Hall's ability to move around the formation and fill a dual-threat role as a receiver and rusher obviously adds flexibility to the scheme. It isn't, however, the only variable Drayton and the coaching staff will have to sort out.
Smith is a more physical presence, capable of breaking tackles at the second level and moving the line of scrimmage in short-yardage situations, which isn't a strong suit for Hall. The Buckeyes also still have true freshmen Dontre Wilson and Ezekiel Elliott pushing for touches along with redshirt freshman Warren Ball, all of whom saw action against Buffalo and bring something to the table.
Eventually the picture should come into clearer focus in the backfield, even though squeezing a couple more talented, big-bodied running backs might make it hard for everybody to stay in the frame. But for now, Hall is right in the middle and smiling brightly.
"There are running backs that didn’t get on the field, but coach Drayton is straight down the middle with us if there’s something you’re not doing," Hall said. "It’s competition in the room, we’re all tight, but we know when we step on the field, you’ve got to make plays and make stuff happen.
"So, I’m just going to go to whatever position they put me at and try to make plays."
Based on the early grades, nobody on offense made more than Hall on the first test. The next assignment is measuring himself against the new students.
FIRST DOWN: Defensive tackles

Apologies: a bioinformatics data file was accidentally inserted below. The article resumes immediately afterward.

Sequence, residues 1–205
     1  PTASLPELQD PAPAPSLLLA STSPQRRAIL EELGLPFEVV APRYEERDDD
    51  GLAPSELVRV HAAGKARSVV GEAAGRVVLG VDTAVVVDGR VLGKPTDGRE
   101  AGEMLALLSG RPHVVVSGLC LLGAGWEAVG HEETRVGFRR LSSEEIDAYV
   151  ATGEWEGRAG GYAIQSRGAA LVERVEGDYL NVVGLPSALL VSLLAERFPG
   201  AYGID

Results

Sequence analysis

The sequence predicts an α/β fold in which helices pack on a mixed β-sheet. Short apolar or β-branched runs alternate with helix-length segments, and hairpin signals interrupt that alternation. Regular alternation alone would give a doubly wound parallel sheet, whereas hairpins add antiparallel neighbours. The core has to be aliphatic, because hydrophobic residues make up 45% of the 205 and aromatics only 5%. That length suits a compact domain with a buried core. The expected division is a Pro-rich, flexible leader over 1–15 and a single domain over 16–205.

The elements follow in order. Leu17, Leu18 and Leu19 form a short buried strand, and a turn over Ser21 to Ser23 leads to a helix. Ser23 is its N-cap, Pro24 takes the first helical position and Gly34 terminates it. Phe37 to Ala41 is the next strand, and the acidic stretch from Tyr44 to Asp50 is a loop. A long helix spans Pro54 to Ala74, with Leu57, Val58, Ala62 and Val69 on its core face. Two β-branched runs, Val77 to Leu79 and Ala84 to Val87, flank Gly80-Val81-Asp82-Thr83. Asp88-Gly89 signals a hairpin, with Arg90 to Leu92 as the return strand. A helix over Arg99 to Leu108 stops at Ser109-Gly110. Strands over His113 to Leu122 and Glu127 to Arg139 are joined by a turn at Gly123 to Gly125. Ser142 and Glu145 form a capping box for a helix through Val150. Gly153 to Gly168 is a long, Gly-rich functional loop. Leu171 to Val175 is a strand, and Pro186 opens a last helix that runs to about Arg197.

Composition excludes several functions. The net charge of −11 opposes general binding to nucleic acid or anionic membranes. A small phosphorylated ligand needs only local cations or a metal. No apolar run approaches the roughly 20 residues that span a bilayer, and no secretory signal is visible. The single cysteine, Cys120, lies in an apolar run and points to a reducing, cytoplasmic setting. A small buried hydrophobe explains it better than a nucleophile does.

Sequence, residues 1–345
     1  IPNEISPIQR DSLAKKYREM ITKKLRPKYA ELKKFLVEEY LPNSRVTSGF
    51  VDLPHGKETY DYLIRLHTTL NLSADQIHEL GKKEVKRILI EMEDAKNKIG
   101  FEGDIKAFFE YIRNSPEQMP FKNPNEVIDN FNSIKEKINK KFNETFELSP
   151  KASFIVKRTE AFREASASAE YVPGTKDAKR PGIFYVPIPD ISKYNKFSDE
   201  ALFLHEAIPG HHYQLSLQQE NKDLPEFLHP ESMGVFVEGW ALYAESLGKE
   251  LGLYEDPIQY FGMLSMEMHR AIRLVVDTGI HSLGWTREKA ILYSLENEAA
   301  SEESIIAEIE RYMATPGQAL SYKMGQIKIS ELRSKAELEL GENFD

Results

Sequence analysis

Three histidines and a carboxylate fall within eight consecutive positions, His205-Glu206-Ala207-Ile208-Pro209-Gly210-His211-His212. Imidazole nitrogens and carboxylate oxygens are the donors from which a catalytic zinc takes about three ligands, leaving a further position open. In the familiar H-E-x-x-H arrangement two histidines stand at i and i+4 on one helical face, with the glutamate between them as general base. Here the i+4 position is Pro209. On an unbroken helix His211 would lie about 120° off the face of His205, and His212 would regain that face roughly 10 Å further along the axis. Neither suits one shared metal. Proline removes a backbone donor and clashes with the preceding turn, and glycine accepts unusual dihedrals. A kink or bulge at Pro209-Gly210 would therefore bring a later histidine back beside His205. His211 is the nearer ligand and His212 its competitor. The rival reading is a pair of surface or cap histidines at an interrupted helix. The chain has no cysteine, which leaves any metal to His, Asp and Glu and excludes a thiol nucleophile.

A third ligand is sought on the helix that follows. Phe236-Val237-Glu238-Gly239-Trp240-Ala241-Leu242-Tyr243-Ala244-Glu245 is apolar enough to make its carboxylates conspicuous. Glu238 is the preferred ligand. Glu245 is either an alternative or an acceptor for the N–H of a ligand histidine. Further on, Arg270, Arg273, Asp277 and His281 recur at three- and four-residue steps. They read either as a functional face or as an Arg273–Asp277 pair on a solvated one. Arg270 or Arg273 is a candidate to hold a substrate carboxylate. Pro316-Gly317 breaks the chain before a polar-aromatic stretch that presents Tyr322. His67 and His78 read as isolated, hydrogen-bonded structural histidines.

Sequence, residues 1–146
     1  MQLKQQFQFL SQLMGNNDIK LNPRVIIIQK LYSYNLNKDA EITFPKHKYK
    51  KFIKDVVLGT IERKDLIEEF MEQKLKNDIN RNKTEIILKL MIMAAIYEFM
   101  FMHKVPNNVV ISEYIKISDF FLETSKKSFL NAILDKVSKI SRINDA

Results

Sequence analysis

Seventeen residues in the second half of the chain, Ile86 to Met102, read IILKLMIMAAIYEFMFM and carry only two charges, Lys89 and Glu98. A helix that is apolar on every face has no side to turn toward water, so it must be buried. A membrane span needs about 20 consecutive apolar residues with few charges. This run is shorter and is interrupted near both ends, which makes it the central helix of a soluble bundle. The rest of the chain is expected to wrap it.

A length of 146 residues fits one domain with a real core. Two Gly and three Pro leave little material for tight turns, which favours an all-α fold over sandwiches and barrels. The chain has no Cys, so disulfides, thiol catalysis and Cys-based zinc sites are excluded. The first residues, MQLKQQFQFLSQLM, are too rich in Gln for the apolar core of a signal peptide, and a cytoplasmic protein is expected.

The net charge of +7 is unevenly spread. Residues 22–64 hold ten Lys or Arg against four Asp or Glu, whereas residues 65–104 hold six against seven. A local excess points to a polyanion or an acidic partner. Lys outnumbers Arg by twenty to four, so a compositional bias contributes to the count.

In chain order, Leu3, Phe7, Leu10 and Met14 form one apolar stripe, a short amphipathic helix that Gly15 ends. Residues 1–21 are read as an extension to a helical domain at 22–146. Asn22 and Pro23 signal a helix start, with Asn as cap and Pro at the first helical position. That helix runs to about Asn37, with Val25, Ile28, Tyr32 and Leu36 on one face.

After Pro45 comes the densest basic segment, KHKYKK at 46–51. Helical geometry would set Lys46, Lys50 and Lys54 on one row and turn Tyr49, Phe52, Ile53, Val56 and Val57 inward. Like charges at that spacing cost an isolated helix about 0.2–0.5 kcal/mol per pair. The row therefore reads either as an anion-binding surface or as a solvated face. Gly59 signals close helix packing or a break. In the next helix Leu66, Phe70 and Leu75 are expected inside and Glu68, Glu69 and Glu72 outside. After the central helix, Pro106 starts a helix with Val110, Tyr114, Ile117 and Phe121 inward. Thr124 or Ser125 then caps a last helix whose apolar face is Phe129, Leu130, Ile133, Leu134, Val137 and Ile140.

Schutt wasn't listed as a starter on the depth chart for the opener, but the sophomore impressed in limited action last season and had turned in a productive training camp before the injury bug bit him again on Monday. The Buckeyes know what life is like without Schutt after ankle issues limited him throughout spring, but for a unit that is replacing all four starters, having everybody healthy and ready to contribute was obviously important.
Ohio State has no shortage of confidence in Noah Spence and Adolphus Washington at end, but in some respects Joel Hale and Michael Bennett are still unknown quantities despite having been in the program for a couple years. Now with Schutt out and Farris moving to fill the void, the pressure is ramped up for a newcomer such as Michael Hill or sophomore Chris Carter.
SECOND DOWN: Freshmen skill players
The Buckeyes have no shortage of pieces returning from the Big Ten's best offense a season ago, but it's the fresh additions that figure to allow Urban Meyer to truly unleash his spread attack this fall.
They still have to prove themselves in a game though, and Dontre Wilson, Ezekiel Elliott and Jalin Marshall are all likely to touch the ball a few times as the Buckeyes evaluate what they have in what is shaping up to be an offensive class capable of making an early impact.
Wilson, in particular, could get his hands on the football right away with Ohio State trotting him out to return kickoffs. His electric speed could be put on display early, but the Buckeyes will really be watching him closely in the H-back role as they try to add more diversity to the playbook.
THIRD DOWN: Cornerbacks
The starting job Armani Reeves is filling this week is only temporary, and the sophomore is well aware of that. But he's got a huge opportunity to impress with Bradley Roby sitting out his one-game suspension, and potentially down the road it might help him make a push for the other first-team job at cornerback.